Dean: Yeah. We’d be sitting at dinner and I’d be like, “For your next video we should do this, this and this. For the tour, the production should be like this.” And this [part] is my fault. I’m sure for her, all she wanted to do was have dinner. I was probably getting on her nerves all the time. I was not being who I needed to be for her. I’ve since learned the line. With [current wife] Sarah [Silver], she’ll ask my opinions on things but we’ve made it a point to not work together. It’s a lot cleaner. Although I would now know how to handle it better. I was a twenty-one-year-old helping manage a multi-million dollar act. I was way out of my depth. But I was able to quickly learn and gain an insane amount of knowledge. My business sense is better for it. It was my masters program.
Nat: You were in every meeting?
Dean: Everything. There wasn’t a decision that got made that didn’t have my thumb print or stamp of approval.
Nat: Would she look to you for that?
Dean: Absolutely. She’s a person who likes to have somebody to bounce ideas off of. At the end of the day though, she would make her own decision. When she gets something in her head, LeAnn will do whatever LeAnn wants to do. And I respect her for that. One of the things that attracted me to her is that she’s a strong, very focused woman.
Nat: So there were major problems before the affair?
Dean: Unfortunately, I think the business ended up destroying us. That passion for our marriage wasn’t there. The person that I needed to be, the person I should have been, I wasn’t. I wasn’t the person she came home to and unloaded on. And, then, of course, I was thinking, I haven’t done what I’ve wanted to do in over eight years. I came to the realization that my name was never going to be on the marquee. No matter how much I put into this show or that tour, it was never going to be about me. And that was a really big moment. It was a hard thing to take.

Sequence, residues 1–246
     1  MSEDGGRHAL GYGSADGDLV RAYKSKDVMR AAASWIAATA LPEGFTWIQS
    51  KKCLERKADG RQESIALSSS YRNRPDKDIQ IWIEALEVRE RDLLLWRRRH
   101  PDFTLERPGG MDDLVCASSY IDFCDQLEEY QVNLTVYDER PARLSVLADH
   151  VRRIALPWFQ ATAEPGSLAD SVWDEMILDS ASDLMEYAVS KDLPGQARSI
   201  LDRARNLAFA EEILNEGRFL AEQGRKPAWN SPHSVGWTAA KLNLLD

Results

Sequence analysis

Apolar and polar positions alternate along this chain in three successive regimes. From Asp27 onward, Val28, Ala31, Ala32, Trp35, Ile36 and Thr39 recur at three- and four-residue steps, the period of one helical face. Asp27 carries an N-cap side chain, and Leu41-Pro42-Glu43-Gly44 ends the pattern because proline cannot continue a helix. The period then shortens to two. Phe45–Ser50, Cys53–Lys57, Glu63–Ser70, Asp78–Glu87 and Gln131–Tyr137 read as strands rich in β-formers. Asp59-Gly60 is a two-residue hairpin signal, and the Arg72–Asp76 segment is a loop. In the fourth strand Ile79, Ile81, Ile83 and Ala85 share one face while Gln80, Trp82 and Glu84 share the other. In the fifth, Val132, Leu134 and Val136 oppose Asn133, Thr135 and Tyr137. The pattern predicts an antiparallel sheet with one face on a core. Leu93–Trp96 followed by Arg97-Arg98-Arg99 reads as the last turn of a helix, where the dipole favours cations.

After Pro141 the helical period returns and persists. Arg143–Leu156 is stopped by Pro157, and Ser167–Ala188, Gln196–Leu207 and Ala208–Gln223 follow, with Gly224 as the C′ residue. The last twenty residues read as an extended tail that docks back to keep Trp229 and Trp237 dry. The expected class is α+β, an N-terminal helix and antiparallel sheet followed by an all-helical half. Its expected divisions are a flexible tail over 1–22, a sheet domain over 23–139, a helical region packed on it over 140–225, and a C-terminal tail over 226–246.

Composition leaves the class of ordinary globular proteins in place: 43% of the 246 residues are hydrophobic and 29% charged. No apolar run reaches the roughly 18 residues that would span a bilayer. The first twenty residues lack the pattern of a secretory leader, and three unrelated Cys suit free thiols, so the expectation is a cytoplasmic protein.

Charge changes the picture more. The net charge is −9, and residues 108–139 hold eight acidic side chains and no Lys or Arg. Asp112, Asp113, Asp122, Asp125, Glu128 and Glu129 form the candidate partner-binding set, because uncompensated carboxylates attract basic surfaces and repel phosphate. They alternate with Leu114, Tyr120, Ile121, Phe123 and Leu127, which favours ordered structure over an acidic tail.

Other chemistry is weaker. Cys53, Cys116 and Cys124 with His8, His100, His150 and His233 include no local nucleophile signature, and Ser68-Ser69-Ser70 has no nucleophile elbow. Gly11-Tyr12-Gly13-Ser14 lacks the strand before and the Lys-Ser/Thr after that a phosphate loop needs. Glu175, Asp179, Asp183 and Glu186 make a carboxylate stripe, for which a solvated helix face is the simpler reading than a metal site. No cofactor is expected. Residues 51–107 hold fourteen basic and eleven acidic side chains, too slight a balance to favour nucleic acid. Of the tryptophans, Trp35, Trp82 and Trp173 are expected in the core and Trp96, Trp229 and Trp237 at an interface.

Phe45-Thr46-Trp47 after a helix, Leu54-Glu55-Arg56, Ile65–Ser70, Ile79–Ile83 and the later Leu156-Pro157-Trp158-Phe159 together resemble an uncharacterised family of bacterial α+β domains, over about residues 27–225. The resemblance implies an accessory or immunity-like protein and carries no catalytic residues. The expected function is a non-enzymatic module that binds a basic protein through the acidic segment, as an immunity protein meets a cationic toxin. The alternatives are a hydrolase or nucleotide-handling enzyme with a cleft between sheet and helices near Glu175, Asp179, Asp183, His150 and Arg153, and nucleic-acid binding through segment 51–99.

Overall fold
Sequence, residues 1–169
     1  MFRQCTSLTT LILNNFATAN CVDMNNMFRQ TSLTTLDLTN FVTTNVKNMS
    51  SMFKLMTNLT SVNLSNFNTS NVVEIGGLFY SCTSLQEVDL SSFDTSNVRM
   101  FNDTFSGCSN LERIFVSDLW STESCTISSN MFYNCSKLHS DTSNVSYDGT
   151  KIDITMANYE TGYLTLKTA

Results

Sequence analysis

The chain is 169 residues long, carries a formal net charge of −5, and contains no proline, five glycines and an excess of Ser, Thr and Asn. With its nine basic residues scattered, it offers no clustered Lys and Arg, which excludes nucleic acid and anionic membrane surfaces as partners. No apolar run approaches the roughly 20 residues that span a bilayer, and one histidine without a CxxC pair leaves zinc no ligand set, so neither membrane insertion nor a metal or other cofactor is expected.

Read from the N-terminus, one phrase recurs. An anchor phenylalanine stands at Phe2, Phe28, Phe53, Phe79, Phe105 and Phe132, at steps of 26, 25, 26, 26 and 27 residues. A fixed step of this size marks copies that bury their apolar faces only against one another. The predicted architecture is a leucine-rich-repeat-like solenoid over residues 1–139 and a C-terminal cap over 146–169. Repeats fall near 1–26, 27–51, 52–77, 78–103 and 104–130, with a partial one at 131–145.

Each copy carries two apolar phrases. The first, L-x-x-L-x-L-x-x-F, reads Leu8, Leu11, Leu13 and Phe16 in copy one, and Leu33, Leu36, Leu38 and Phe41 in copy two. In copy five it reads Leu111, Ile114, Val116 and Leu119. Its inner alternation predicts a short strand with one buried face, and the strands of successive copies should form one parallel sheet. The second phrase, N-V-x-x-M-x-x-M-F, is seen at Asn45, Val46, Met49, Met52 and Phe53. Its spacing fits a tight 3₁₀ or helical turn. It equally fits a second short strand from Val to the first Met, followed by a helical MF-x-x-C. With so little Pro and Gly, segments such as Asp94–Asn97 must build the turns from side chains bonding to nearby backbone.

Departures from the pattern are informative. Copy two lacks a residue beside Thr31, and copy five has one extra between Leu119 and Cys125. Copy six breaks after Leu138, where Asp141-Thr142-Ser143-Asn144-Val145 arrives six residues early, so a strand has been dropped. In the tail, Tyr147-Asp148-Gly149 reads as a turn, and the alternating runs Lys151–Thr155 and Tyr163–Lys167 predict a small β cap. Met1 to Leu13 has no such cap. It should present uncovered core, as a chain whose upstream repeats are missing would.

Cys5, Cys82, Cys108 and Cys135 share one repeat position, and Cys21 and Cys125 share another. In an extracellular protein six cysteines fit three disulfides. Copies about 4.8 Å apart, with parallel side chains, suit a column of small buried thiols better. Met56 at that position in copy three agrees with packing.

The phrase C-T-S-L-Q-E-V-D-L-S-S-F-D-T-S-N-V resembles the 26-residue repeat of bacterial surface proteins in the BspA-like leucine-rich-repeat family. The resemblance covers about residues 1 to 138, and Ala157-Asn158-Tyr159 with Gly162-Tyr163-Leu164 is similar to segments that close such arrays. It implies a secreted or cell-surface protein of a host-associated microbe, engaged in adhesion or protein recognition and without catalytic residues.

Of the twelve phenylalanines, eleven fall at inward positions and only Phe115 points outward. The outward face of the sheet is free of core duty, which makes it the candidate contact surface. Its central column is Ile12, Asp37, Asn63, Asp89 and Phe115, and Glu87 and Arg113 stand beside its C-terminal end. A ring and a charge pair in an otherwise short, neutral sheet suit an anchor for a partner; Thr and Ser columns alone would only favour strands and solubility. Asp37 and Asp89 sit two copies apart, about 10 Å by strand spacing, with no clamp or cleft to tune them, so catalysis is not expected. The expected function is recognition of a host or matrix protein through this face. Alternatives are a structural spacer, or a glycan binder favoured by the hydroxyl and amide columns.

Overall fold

Michael Buckner/Getty Images
Nat: Talk to me about how it felt, especially for a man, who is traditionally thought of as the provider, to have your wife be the breadwinner.
Dean: Before we started songwriting together, I was making nothing. .01 percent of the world make as much as she does. How did I ever think I could compete with that?
Nat: Did it feel like you were living in her shadow?
Dean: Not at first. It felt like we were a team. As it went on, the team became toxic. But when we were working together, we were brilliant. The dumbest thing she ever did for her career was divorce me.
Dean: Because we were such a good team. The last hit song she had was when she was with me. It was “Nothing Better to Do”. I had that title in my head and was kicking it around for a bit. We got our friend Darrell Brown, who is a phenomenal writer, to write it with us and we wrote the whole album.
Nat: A lot of people don’t know that.
Dean: They think I was riding on her coattails, got a huge settlement. I was writing and creating before I met her and did I get a great break? Yeah, of course! But I’m not going to apologize for that.
Nat: You got in trouble for a comment like that recently.
Dean: Yeah, she reacted in some snarky way. But, look, you see nepotism in Hollywood all the time. You can get in the door, but it’s up to you what you do beyond that. You can be shoved out of that door just as quickly as you got in.
YOU MIGHT ALSO LIKE
November 7, 2016
Nat, Zach and Lilly pass a W.B. Mason truck. Lilly: Mama, is that the President’s truck? Nat: No, Baby, it’s […]READ MORE
October 27, 2016
In-Depth with Darlyn Simpson
I interviewed Darlyn Simpson of Ashley Gabby Designs months ago but I’ve been putting off editing (and publishing) it and […]READ MORE
October 19, 2016
Moving on From Miscarriage
It’s been three months and four days since I lost my baby. That sounds like a line to a terrible […]READ MORE